Friday, 20 June 2014

West Kilbride murderers appeal convictions

Two men convicted of murdering a woman at a flat in West Kilbride have had appeals against conviction and sentence heard at the Appeal Court in Glasgow.

Last Tuesday (June 17), Queens Counsel for Glasgow man Colin Coats and Philip Wade from Glengarnock claimed the original 11-week trial in 2013 had been flawed and called for the convictions to be quashed.

In June 2013 Coats was sentenced to 33 years while Wade was ordered to be detained for 30 years after a jury found them guilty of abducting, torturing and murdering 27 year-old Glasgow woman Lynda Spence.

In evidence to the murder trial, jurors heard that Ms Spence had been forced into a car on Broomhill Path in Glasgow before being driven to a flat in Meadowfoot Road, West Kilbride. In graphic detail, the prosecution then described how the woman had been taped to a chair and subjected to extreme violence, including being struck with a golf club, burned with an iron and having one of her thumbs cut off. Ms Spence was then murdered by Coats and Wade who also disposed of her body, which has never been found.

It was stated at trial that Lynda Spence had last been seen by her parents in April 2011, and that the abduction and murder had taken place because she owed money to certain people in Glasgow.

Scotland’s Solicitor General, Lesley Thomson, who led the case for the prosecution, said the actions of Coats and Wade, both aged 43, were notable for “extraordinary brutality”.

However, QCs Gary Allan and Gordon Jackson last week argued that the original trial had been flawed on two counts, citing ‘inadmissible evidence’ and ‘late disclosure’ of Crown evidence. Mr Allan and Mr Jackson also claimed the sentences handed-down to Coats and Wade had been excessive, pointing to the fact that Abdelbaset Al-Megrahi, the man convicted of the Lockerbie bombing in which 270 people died, received a more lenient sentence of 27 years.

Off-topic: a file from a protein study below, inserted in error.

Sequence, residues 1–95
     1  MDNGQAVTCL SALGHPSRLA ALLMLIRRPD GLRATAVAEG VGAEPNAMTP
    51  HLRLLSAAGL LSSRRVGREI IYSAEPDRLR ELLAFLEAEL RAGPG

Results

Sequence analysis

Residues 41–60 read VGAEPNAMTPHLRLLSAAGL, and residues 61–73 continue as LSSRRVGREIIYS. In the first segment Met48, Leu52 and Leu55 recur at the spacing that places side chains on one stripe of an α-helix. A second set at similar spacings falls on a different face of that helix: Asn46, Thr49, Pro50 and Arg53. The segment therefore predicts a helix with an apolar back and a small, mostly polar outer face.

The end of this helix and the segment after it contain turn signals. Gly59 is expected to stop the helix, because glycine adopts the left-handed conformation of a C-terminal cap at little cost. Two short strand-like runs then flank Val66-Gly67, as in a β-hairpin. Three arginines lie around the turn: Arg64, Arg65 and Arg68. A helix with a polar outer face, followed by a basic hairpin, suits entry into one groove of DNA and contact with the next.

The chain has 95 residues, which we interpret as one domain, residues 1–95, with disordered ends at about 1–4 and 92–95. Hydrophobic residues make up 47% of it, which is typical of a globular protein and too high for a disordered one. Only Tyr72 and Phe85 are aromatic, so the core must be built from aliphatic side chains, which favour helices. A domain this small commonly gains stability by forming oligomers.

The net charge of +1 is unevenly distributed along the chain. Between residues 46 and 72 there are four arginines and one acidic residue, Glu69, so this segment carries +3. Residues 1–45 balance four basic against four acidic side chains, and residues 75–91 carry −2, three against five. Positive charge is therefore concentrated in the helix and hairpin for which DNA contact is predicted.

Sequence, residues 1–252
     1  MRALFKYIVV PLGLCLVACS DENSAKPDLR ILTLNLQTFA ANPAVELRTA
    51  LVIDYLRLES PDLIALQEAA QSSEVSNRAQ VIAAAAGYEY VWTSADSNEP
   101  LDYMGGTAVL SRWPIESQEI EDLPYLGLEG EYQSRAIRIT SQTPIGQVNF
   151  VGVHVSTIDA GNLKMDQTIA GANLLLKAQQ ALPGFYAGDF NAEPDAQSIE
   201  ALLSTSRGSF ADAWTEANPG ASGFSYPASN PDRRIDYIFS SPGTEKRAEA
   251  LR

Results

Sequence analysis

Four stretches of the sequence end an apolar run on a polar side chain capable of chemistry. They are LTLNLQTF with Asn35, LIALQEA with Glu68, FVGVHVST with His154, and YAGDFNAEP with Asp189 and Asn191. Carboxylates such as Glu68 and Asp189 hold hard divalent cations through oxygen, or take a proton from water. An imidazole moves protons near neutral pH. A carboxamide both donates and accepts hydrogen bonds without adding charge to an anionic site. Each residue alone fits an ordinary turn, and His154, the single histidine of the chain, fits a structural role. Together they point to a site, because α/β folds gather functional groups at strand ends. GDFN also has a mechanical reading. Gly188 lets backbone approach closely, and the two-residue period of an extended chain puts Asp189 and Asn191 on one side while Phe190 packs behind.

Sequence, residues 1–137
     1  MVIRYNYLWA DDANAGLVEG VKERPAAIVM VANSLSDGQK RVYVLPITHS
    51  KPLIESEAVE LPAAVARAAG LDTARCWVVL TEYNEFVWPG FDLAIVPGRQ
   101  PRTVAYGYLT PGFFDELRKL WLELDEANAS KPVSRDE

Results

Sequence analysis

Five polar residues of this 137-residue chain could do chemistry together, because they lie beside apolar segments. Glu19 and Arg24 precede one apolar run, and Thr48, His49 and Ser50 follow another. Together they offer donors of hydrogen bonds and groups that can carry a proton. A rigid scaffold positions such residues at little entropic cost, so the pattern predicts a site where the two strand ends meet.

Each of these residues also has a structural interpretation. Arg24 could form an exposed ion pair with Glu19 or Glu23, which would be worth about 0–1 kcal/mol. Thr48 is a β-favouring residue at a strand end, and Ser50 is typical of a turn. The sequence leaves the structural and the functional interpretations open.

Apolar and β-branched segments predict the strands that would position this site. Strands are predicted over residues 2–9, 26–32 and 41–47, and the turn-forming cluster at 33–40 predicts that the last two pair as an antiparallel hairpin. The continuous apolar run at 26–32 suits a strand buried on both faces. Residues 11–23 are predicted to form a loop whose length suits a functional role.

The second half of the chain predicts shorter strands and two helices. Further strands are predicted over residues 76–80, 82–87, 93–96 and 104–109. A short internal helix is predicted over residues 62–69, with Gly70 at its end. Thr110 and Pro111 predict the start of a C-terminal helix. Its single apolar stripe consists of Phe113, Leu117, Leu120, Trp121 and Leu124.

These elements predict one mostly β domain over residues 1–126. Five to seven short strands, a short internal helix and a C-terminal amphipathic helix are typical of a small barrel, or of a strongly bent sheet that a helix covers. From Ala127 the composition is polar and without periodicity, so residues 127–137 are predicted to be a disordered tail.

Defence QC Gary Allan argued that evidence from witness Lee Winyard - that Wade had confessed to murdering an English man - was inadmissible. Mr Allan said the jury in the original trial had been “invited to change the identification of an English male to Lynda Spence - a Scottish female”. The QC indicated he had tried to challenge the evidence but this had been refused by the trial judge, Lord Pentland.

Both QCs also argued that the defence team at the original trial had not been told that Lynda Spence was a police informer until weeks before the case, which, they claimed, represented grounds for appeal. Mr Allan and Mr Jackson stated that the Crown had known of the information for a year before they disclosed it to the defence.

For the Prosecution, Solicitor General Lesley Thomson said, “The Crown position before the jury was that clearly the murder of this [English] man was a crime that had not occurred. If anyone had asked the Crown, they would have been told this was important evidence and was going to be led. This was clearly admissible evidence in the context.”

Referring to the disclosure that Ms Spence was a police informer, Ms Thomson noted, “This was an extremely finely-balanced disclosure point. The Crown position was that there were a number of people who had a grudge against Lynda Spence and who would wish to do harm to her. However, the only evidence of anyone involved in actual harm and the murder of Miss Spence lay at the door of the men in the dock.”
The Solicitor General further pointed to the words of trial judge Lord Pentland, who said the evidence against Coats and Wade was “substantial and overwhelming”.

The three appeal judges - Lord President Lord Gill, Lord Menzies and Lord Turnbull - will give their decision in writing at a later date.

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